Stop gushing over Sarah Palin just because she appeared on The Masked Singer. Immediately
The latest episode of The Masked Singer left viewers in shock as the face behind the fluffy purple bear mask was revealed to be none other than Sarah Palin.
The popular US singing competition sees celebrities don elaborate costumes to hide their identity as they sing a cover of a well-known song. The audience then votes for their favourite, along with a panel consisting of Robin Thicke, Jenny McCarthy Wahlberg, Ken Jeong and Nicole Scherzinger.
On Wednesday’s episode, the panel were stumped by a pink and purple bear who performed a terrible rendition of Sir Mix-a-Lot’s “Baby Got Back”.
Then the bear removed her mask, paused to put on her glasses, and revealed herself as the former vice presidential nominee and staunch anti-equality campaigner, Sarah Palin – who had carefully changed the song’s lyrics to ensure she was rapping only about male butts, not female ones.
The revelation sent Twitter into a tailspin as people desperately clung to any kind of news that was not about the coronavirus.
“Sarah Palin was the bear on #MaskedSinger?! Miss, you get my respects for rapping ‘Baby Got Back’ flawlessly!” gushed one viewer.
“Never in a million years would I have guessed that Sarah Palin would rap every word of ‘Baby Got Back’ in a pink bear costume. I’ve watched it multiple times and I still don’t really believe it!” another commented.
However, other more cynical viewers drew comparisons with Sean Spicer’s ill-fated appearance on Dancing with the Stars, suggesting that the lighthearted reality show appearances are an attempt to “normalise” problematic politicians and the policies they represent.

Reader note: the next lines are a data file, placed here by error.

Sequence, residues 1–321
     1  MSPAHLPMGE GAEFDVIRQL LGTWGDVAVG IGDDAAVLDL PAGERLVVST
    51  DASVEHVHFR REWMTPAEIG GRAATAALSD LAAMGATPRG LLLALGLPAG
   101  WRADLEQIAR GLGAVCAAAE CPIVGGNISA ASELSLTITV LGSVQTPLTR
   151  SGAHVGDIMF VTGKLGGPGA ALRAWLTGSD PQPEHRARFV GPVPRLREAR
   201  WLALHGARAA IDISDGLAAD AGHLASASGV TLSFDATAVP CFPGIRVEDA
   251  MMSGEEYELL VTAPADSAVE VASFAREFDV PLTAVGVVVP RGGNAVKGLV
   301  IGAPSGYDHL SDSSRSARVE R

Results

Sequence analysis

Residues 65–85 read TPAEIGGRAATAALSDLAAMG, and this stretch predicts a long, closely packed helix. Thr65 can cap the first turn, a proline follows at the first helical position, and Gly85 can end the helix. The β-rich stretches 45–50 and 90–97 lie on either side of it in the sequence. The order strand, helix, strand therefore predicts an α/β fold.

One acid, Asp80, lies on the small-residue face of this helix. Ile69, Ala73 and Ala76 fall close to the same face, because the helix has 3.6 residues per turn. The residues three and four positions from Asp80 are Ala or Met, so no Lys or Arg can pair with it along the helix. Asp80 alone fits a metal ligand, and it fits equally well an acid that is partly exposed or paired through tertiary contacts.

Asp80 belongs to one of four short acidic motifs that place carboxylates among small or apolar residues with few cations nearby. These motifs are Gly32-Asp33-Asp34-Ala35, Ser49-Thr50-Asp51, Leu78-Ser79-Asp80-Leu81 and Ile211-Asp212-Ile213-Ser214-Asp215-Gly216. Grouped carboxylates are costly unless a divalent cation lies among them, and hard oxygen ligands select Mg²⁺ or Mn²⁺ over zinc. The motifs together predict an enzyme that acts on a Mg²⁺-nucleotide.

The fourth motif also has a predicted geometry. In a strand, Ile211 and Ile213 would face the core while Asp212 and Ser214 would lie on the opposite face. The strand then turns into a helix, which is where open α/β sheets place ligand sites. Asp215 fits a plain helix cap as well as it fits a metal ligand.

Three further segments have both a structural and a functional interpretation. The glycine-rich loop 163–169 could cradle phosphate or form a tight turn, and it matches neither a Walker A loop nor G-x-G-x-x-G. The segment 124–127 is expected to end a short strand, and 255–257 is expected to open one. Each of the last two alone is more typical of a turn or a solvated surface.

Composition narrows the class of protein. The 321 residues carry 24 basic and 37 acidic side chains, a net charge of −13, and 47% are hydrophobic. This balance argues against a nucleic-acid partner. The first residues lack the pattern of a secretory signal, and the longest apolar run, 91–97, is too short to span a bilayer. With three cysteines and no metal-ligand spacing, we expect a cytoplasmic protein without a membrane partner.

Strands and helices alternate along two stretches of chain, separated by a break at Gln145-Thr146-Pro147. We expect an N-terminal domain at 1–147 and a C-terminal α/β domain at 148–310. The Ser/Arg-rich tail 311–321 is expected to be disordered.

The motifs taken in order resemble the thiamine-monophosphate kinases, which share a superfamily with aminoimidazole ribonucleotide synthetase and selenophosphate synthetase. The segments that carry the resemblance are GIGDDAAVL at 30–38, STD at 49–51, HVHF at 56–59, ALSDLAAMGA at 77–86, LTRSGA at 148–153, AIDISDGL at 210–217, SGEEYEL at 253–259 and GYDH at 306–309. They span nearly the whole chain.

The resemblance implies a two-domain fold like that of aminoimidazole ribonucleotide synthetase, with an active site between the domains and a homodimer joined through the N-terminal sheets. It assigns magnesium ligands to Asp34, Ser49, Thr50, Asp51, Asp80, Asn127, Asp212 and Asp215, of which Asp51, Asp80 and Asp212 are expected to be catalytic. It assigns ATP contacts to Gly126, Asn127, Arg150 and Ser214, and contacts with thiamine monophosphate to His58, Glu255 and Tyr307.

With that in mind, let’s take a moment to look behind the bear suit and remind ourselves exactly what Sarah Palin stands for.
Sarah Palin and same-sex marriage.
Sarah Palin became known for her support of “traditional” family values when she was John McCain’s running mate in the 2008 presidential race.
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When it came to same-sex marriage she voiced even stronger opposition than McCain did, saying that she would support a constitutional amendment to ban marriage equality, rather than the state-by-state ruling suggested by McCain.
While campaigning to be Alaska’s governor she supported amending the state’s constitution to ban same-sex marriage and continued to fight after it was legalised, pushing for continued support of the Defence of Marriage Act.
She said: “I have always believed that marriage is between one man and one woman. Like the majority of Americans, I support the Defence of Marriage Act and find it appalling that the Obama administration decided not to defend this federal law.”
As Alaska’s governor, she supported amending the state’s constitution to ban same-sex marriage. She also strongly disagreed with spousal benefits for same-sex partners of state employees, saying: “I believe spousal benefits are reserved for married citizens as defined in our constitution.”
She claims to have gay friends whom she “loves dearly”, yet has continued to ardently defend marriage as “a cornerstone of religion and civilisation” that should only be extended to heterosexual couples.
Then, after years fighting for the “sanctity of marriage”, in September Sarah Palin got divorced from her husband of 31 years. In the court documents he cited “incompatibility of temperament” which makes it “impossible to live together as husband and wife”.